Florida

The program will allow certain teens to become truck drivers in the shortage

(CBS)

The shortage of truck drivers in the United States has contributed to global supply chain problems during the pandemic. Currently, to address the shortfall, authorities are considering allowing teenagers to become truck drivers.

The pilot program, first proposed by the Federal Automobile Carrier Safety Administration (FMCSA) in 2020, will allow drivers aged 18 to 20 to drive commercial vehicles in interstate trade after the trial period is over. .. However, you may not drive passengers, dangerous goods, or specially configured vehicles.

Currently, most states allow people over the age of 18 to be truck drivers, but they cannot drive between states until they are 21.

The program was not implemented when it was first proposed, but the Infrastructure Investment and Employment Act enacted by President Biden in November allows employers to establish a pilot program for specific driver apprenticeships. Need to be established. 18 and 21 years old.

According to FMCSA Deputy Administrator Meera Joshi, the program must first be approved by the Office of Management and Budget before opening an application for a truck driver position on the Office of Management and Budget website. The general public can comment on the proposal while seeking approval for the three-year program.

Several agencies, including the industry’s largest national trade association, the American Trucking Associations and the Commercial Vehicle Training Association, have endorsed the FMCSA’s proposal, but faced opposition.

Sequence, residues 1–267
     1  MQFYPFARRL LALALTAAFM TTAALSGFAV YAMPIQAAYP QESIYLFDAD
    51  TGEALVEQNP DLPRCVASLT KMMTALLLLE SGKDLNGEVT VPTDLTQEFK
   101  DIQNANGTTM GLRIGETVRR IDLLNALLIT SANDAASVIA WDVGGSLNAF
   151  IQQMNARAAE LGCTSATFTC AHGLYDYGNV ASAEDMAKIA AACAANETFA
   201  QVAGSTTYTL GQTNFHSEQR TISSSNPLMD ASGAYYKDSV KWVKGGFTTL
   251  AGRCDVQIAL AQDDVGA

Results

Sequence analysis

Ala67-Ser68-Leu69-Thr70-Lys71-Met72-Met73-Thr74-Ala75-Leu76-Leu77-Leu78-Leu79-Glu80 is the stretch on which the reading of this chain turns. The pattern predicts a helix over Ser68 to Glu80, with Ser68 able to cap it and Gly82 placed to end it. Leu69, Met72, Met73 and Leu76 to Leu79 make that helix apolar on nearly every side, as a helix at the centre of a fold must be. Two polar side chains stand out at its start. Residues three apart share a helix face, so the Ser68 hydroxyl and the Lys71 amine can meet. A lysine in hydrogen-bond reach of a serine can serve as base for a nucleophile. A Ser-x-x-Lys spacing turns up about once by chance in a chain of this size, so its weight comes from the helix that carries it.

Highway and car safety advocates, reliable and safe highway citizens, and other safety organizations have pointed out that young drivers are distracting and have high collision rates. They also quoted the Centers for Disease Control and Prevention. It says teenagers can’t analyze dangerous situations correctly.

No more than 3,000 apprentices participate in the Safe Driver Apprentice Pilot Program at a time, and the FMCSA must meet other criteria for the program and apprenticeship.

US Secretary of Transportation Pete Butigeg told CBS News Errol Barnett on Friday that keeping trucks on the road was a top priority, including hiring new drivers.

The Ministry of Transport announced Thursday that the state will provide more than $ 32 million to improve the commercial driver’s license process. More than 100 companies are working to expand their truck apprenticeship programs and create a task force to investigate predatory truck leasing.

Approximately 72% of the goods shipped in the United States are carried by truckers, and the United States needs an additional 80,000 truckers.

In December, the Biden administration also announced plans to strengthen the truck industry and hire more drivers.

“Old infrastructure, the COVID-19 pandemic, and the historic quantity of commodities that move our economy are squeezing the capacity of the entire supply chain, including trucking,” the administration said. Exacerbated long-standing labor challenges in the truck industry. “

Part of the plan is to “identify effective and safe strategies for attracting new entrants to the field from underrated communities, including women aged 18-20 and young drivers.” It contains.

Some state legislators are working to recruit more drivers in the event of a supply chain crisis and a shortage of school bus drivers. According to CBS New York, New York Governor Kathy Hochul announced this week a new plan to allow qualified third parties to offer field tests for driving tests. This creates more test locations and expands the capacity of existing state-owned sites, reducing the time it takes to license more qualified drivers.

Copyright 2022 Fort Myers Broadcasting Company. all rights reserved. This material may not be published, broadcast, rewritten, or redistributed without prior written consent.

The program will allow certain teens to become truck drivers in the shortage

Source link The program will allow certain teens to become truck drivers in the shortage

Show More

Related Articles

Back to top button